Surprise! There's a tenant in the house I just bought: Ask Joe
I recently bought a house in Windsor (I’m in Toronto). It has a spacious basement that I intended to use for storage but just discovered there’s a long-term tenant living there. What can I do?
I’m sorry to hear the purchase didn’t work out as you intended. Regardless of whether you decide to sell the property or keep it, you should remember that tenants have rights and you don’t want to violate them. Since you are now a landlord, you may wish to check out the Landlord and Tenant Board website to better understand your own rights and responsibilities.
You also need to know if the property has been zoned for a multi-unit dwelling and if the unit complies with the building, fire and electrical safety codes. If an inspector were to examine the apartment and discover it doesn’t comply with the local bylaws or provincial safety codes, they could order you to bring it into compliance, which may involve the expense of taking out building permits and having the necessary work done. If you fail to do so before the assigned deadline, you could face significant fines or jail time.
Even if it was the previous owner who neglected to take these steps, you are now responsible for the property.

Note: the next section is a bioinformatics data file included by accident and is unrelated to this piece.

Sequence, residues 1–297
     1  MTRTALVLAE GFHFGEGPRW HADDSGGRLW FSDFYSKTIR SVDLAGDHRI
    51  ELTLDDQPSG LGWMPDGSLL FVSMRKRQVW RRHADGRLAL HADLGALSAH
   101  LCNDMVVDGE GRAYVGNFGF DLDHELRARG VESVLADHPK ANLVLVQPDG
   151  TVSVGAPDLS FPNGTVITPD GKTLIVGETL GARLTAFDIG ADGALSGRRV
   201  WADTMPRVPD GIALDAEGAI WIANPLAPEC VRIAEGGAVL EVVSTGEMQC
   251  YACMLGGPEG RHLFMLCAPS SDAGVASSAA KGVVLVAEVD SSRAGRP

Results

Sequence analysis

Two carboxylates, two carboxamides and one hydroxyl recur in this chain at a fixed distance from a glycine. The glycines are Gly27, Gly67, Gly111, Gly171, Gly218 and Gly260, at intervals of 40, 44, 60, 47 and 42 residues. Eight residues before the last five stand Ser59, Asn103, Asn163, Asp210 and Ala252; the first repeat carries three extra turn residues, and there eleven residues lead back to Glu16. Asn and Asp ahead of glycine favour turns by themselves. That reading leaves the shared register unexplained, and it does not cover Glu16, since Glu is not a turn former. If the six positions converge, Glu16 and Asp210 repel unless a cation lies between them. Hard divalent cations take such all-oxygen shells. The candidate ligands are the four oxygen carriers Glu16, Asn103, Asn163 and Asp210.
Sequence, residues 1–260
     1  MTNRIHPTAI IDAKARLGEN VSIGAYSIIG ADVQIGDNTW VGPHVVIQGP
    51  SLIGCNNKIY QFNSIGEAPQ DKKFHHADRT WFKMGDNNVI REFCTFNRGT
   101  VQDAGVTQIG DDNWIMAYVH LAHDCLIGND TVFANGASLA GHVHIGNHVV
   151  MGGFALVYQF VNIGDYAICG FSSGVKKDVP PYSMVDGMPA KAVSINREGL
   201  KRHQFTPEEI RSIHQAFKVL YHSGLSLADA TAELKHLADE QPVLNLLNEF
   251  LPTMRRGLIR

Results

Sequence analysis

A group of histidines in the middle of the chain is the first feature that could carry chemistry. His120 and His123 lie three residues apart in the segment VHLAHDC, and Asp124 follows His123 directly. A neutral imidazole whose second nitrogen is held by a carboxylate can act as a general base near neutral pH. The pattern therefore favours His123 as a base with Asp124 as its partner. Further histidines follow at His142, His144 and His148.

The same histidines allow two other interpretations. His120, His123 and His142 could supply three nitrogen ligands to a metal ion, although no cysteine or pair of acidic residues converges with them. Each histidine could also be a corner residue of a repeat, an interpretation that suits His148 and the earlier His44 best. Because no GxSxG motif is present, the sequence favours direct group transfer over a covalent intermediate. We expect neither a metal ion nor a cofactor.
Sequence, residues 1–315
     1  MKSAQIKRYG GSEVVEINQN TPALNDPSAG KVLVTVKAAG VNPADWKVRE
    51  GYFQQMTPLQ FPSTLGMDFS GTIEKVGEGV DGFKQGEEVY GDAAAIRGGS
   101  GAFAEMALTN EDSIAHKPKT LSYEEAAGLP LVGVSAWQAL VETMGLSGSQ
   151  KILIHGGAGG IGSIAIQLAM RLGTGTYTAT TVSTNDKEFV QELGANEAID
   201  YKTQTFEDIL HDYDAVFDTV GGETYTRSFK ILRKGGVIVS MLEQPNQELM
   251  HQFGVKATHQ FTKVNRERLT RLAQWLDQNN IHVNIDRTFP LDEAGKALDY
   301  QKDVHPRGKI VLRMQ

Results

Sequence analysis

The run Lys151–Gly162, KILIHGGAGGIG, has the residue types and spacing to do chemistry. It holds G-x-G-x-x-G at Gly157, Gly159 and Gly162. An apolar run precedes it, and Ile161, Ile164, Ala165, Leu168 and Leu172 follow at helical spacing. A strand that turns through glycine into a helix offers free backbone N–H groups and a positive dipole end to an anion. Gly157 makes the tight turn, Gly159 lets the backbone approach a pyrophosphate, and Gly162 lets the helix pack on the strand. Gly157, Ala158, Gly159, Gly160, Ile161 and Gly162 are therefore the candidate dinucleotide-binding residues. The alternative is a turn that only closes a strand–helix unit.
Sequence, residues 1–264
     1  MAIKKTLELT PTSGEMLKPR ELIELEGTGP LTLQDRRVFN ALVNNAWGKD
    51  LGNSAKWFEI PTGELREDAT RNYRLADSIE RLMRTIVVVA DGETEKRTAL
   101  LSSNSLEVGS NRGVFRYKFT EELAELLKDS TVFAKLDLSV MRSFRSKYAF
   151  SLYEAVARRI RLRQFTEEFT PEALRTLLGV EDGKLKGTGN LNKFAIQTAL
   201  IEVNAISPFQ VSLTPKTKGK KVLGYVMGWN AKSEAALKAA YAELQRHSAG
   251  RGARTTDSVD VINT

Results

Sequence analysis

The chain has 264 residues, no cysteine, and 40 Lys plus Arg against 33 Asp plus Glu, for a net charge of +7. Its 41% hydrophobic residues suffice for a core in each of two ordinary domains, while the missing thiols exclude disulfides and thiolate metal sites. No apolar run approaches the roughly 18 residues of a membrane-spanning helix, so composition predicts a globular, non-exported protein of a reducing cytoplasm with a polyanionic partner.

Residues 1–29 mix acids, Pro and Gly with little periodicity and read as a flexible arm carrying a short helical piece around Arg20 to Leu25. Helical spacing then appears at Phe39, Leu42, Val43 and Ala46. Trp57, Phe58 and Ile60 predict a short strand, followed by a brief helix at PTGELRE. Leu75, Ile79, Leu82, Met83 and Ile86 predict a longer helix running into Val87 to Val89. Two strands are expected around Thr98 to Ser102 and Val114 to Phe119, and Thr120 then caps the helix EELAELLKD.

If you’re thinking about selling the home, I recommend working with a lawyer who understands landlord and tenant issues and with a real estate salesperson who has handled similar transactions. There are some rules in place about taking photographs of the unit, and providing adequate notice to the tenant before a showing can take place during approved hours.
You mentioned that you just found out about the tenant. Please don’t take these questions the wrong way, but did you actually visit or inspect the property before you made your offer? Did you arrange the sale through a real estate brokerage? Did you sit down with a registered salesperson to discuss either your needs or your plans for the home? Was there a mention of a tenant in the property’s listing information, and is there a chance you might have missed it?
One of the four key tips the Real Estate Council of Ontario provides to consumers is to be an active participant in the buying or selling process. Your salesperson can help you find suitable properties, provide an analysis of market trends and home prices, create a buying strategy, and formulate the right questions for the seller’s representative (among other services), but you have a responsibility to perform your own due diligence when you buy a home.
In practice, that means being open and honest with your salesperson about your needs and financial situation, personally visiting and researching properties and neighbourhoods, reading home inspection reports and other important documents, and asking questions.
If you have a question for Joe about the home buying or selling process, please email .
Joe Richer is registrar of the Real Estate Council of Ontario (RECO) and contributor for the Star. Follow him on Twitter: @RECOhelps